NEWS of the Day - September 8, 2012
on some LACP issues of interest

NEWS of the Day - September 8, 2012
on some issues of interest to the community policing and neighborhood activist across the country

EDITOR'S NOTE: The following group of articles from local newspapers and other sources constitutes but a small percentage of the information available to the community policing and neighborhood activist public. It is by no means meant to cover every possible issue of interest, nor is it meant to convey any particular point of view ...

We present this simply as a convenience to our readership ...


From Google News

Hearsay bothers last juror to find Drew Peterson guilty

by Associated Press

JOLIET, Ill. — The final juror to agree to convict Drew Peterson of murder in the death of his ex-wife says he "barely slept" one night during the proceedings because the same nagging questions kept popping into his head.

Even after joining fellow members of the panel by casting the last vote for guilty, Ron Supalo remains troubled by the prosecution's reliance on hearsay, statements not based on a witness' direct knowledge.

Peterson, the former suburban Chicago police officer, faces a maximum 60-year prison term after his first-degree murder conviction in the death of his third wife, Kathleen Savio. It was the first case in Illinois history to permit the use of hearsay evidence, based on a 2008 state law specifically tailored to Peterson's case.

"I needed time to think it through," Supalo, a letter carrier for the U.S. Postal Service, said in a telephone interview Friday evening.

Supalo said he believes the hearsay law might be unconstitutional, but he eventually realized his duty as a juror was only to assess the evidence, not the laws.

"We (the jurors) weren't the U.S. Supreme Court," he said. "Right or wrong, this was the hearsay law, and we had to use it in this case."

Other jurors acknowledged that comments Stacy Peterson, Peterson's fourth wife, made before her 2007 disappearance played the decisive role in convincing them to convict her husband of killing his ex-wife.

The prosecution's strategy grew largely from a lack of physical evidence collected in the case after investigators initially deemed Savio's 2004 death an accident. Prosecutors claimed the hearsay would allow Savio and Stacy Peterson — who is presumed dead — "to speak from their graves" through family and friends.

It worked.

Jury foreman Eduardo Saldana, 22, said the women's comments were "extremely critical" in deliberations and in his decision to convict Peterson. He said he was one of four jurors who initially had reservations given a lack of physical evidence tying the former police officer to Savio's death. But Saldana said the more he thought about hearsay testimony from Stacy Peterson's pastor, the more compelling he found it.

But Supalo said he had some doubts about the credibility of Stacy Peterson's statements to the Rev. Neil Schori.

During the trial, Schori testified that Stacy Peterson told him weeks before she went missing that her husband got up from bed and left the house about the time of Savio's death and then returned to stuff women's clothing in their washing machine. Peterson also coached his wife for hours on how to lie to police, Schori told jurors.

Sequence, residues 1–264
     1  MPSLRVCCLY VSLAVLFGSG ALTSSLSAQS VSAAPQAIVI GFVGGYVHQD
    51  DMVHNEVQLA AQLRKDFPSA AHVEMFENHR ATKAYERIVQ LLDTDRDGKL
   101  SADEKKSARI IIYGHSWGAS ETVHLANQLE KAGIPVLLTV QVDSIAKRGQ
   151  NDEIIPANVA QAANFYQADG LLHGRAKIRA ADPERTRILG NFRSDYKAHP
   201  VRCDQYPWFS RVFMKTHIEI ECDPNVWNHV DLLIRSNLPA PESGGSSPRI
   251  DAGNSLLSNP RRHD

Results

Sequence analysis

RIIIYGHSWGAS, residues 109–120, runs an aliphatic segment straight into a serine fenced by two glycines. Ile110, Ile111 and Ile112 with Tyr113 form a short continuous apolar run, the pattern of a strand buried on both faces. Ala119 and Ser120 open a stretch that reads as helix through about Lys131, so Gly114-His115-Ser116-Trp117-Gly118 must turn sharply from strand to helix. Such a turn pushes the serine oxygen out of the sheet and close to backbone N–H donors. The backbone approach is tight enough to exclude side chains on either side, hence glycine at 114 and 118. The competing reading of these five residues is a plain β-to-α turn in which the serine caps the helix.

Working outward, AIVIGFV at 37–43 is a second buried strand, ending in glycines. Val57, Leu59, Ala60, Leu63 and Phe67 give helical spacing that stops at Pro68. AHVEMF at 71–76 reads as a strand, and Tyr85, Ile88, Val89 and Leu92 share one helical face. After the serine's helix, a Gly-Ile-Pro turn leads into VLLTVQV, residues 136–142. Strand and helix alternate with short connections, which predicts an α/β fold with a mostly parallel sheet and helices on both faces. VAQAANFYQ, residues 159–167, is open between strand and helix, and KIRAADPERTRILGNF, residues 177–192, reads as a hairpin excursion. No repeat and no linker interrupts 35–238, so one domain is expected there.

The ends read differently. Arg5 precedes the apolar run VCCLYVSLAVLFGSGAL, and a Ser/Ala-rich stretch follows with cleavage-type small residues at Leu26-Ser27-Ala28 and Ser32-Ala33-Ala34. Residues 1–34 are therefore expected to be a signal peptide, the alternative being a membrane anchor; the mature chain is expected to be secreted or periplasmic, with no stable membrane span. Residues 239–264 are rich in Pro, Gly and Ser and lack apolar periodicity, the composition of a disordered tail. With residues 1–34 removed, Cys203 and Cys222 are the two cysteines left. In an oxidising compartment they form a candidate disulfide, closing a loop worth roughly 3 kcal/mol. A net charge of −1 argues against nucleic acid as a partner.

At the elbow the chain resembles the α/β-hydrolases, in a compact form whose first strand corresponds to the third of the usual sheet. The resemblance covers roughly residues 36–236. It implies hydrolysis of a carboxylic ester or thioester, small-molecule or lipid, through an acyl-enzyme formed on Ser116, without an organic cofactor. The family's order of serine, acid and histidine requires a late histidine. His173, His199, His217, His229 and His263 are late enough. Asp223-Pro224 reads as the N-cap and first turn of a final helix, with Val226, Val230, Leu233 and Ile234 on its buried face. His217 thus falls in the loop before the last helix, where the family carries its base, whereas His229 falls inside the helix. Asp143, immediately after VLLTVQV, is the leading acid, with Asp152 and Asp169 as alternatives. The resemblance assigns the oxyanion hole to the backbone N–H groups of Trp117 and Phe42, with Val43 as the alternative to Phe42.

"When it was the 11 for guilty and just me holding out, I told them, 'You all believe Schori's testimony is gospel because he is a man of God,'" Supalo said. "They said, 'It is.' And I said, 'No, it's not!'"

Supalo also said he had difficulty coming to terms with convicting someone based on what others claimed someone else said.

"I'm uncomfortable with the Illinois law that allowed hearsay," Supalo, who briefly studied law. "They made the law just for Drew Peterson — applied it to him retroactively. If there was no hearsay in his case — Drew Peterson goes free."

Defense lawyers have said the presentation of hearsay undercut Peterson's constitutional rights because he couldn't directly confront his accusers — namely, his third and fourth wives.

They tried to discredit Stacy Peterson by having attorney Harry Smith testify that she asked him if she could squeeze more money out of Peterson in a divorce if she threatened to tell police he killed Savio. But Saldana and other jurors said Smith only ended up stressing that Stacy Peterson knew her husband had, in fact, murdered his ex-wife.

As he realized Smith was starting to hurt Peterson's case, the defense attorney questioning him, Joel Brodsky, began shouting at Smith, accusing him of lying.

Juror Teresa Mathews, 49, said Friday that Smith had nothing to gain by making up testimony.

"We believed he was a credible witness," she said.

Although thoughts about the evidence cost Supalo some sleep, by Thursday afternoon, just before the verdict was read in court to gasps and tears, he'd resolved several issues in his mind. Among them was accepting Schori's and Smith's testimony as credible, he said.

"It was the totality of the evidence that convinced me," he said.

Peterson is to be sentenced Nov. 26.

Neighbors found the 40-year-old's body in the bathtub of her suburban Chicago home — a gash on the back of her head. Investigators initially thought she drowned after slipping in the tub, but reopened the case after Stacy Peterson disappeared.

Peterson also is a suspect in that case, and Will County State's Attorney James Glasgow said Thursday that charges could be forthcoming.

Peterson's personality had seemed to loom large over the trial, at least to outsiders.

Before his 2009 arrest, the glib, cocky Peterson seemed to taunt authorities, joking on talk shows and even suggesting a "Win a Date With Drew" contest. His behavior inspired a TV movie starring Rob Lowe.